Gender Equity: Women Are Nation Builders – Dogara

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Speaker
of the House of Representatives, Mr Yakubu Dogara, says women play an important role in nation building, and should therefore be
encouraged to learn more about the democratic process and contribute to
governance.

He made this remark on Wednesday during an address at the
retreat for wives of members of the House of Representatives.
The retreat, which was organised by the National Institute for Legislative Studies, aims
to strengthen the role of spouses of legislators in the democratic
process, raise awareness among political spouses on the roles and
responsibilities of their husbands as lawmakers, broaden understanding
of participants of the structure of government and political processes,
deepen their knowledge of the legislative practice and procedure, and
identify ways in which they can contribute in the work of their spouses. 
Mr Dogara,
who commended the women for the initiative, also said that the
existence of the association is “predicated on the urgent need for team
work, collaboration, cooperation, non-partisanship, social bonding and
synergy necessary for legislators to work optimally in the national
interest.”
He,
however, cautioned against gender-based discrimination, which the name
of the association could unwittingly perpetrate, and suggested a more
gender neutral name for the group.
“In
order to avoid discrimination against persons based on gender as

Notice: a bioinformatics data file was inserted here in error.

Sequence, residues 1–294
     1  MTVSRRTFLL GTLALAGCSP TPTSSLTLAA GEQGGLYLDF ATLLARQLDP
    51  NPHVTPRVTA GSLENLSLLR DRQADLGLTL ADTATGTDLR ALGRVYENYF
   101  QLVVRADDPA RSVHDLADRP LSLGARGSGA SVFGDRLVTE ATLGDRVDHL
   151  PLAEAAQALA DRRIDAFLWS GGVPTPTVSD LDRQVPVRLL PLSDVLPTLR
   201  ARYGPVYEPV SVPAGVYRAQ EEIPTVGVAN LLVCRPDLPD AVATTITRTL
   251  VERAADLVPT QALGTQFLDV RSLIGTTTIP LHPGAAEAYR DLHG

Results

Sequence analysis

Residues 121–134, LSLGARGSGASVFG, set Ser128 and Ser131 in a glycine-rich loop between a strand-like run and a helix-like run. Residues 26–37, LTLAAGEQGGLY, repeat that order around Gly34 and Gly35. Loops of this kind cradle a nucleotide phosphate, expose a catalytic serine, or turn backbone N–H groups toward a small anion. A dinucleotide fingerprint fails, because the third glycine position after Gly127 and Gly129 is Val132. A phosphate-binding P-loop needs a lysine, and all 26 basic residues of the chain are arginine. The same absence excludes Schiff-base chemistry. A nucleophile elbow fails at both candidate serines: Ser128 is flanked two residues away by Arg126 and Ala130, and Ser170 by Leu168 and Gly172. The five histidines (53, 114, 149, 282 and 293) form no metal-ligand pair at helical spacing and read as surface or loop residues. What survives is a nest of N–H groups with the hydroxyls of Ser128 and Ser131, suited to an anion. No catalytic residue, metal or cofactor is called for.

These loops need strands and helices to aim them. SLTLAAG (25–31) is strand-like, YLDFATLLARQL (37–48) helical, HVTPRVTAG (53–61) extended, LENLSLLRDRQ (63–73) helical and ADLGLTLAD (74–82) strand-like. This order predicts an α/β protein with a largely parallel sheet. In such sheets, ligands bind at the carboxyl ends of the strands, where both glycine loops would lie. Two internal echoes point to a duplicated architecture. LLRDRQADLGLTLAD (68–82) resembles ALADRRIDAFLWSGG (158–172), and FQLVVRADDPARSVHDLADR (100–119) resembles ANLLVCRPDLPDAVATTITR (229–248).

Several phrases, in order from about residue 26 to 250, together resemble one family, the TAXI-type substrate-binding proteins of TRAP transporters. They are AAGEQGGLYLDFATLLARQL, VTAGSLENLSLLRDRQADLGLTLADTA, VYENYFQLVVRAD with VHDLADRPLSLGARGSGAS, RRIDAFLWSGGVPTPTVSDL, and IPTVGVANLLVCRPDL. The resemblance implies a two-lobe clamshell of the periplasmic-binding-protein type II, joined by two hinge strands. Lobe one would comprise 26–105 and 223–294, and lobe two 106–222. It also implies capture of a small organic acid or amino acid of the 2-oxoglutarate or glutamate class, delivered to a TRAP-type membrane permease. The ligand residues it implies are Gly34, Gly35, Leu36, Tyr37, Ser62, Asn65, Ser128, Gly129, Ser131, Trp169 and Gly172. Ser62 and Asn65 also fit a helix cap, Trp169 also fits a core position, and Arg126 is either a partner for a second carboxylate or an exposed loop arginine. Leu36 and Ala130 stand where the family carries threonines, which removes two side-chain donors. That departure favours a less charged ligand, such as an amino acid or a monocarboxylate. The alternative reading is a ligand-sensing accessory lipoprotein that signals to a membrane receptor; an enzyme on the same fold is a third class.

outlawed by our Constitution, I have a few suggestions to make. Firstly,
I wish to respectfully suggest a change of name from House of
Representatives Wives Association (HORMWA) to House of Representatives
Spouses Association (HORMSA). The reason is very simple. It is not only
men that are represented in the House. It is patently discriminatory of
our female colleagues in the House as their spouses have no similar
Association. We must bear in mind that we have even had a female Speaker
of the House of Representatives, in the person of Her Excellency, Rt.
Hon. (Mrs) Patricia Etteh, I have support for this proposition in the
practices of other nations of the world. Examples can be found in the
Philippines House of Representatives and even in the United States
Congress, among others.”
He
also advocated for the inclusion of spouses of former members, as doing
so would be in accord with best practices worldwide for similar
associations.
“The influence of spouses particularly women cannot be underestimated”, the Speaker said.
“Most
often he or she is the only person that you talk to when you come back
from work. It is therefore of critical importance that your spouse is
knowledgeable on what goes on in the House and even on current affairs
of State.”
“Let
me tell you a story. The Congressional Club, USA which is similar to
your association was founded in 1908. The first President of the Club,
Mrs. James B. Perkins of New York, and her Board decided to seek a
Congressional Act of Incorporation. On May 20, 1908, Mrs. John Sharp
Williams, wife of the House Minority Leader who was opposed to the Act,
invited her husband to a private lunch between them. She supported the
existence of the Club. While they were busy dining, he couldn’t attend
the sitting of the House, and consequently, the House of Representatives
passed the Act unanimously without him! Don’t joke with women!”, he
said, and this narration elicited cheer from the audience.
“I
want to also advise that apart from acquainting yourselves with the
legislative and political work of your spouses, it would do great
justice to the image of this association if you also concentrate on
issues concerning children, gender, community and humanitarian
activities. You have a great role to play in keeping our families
together for a well organised family is the bedrock of any society. 
Indeed, behind every terrorist, armed robber, social deviant is someone
who lacks parental care and attention. So you can play an important role
in the security and well being of our nation.” Dogara said.

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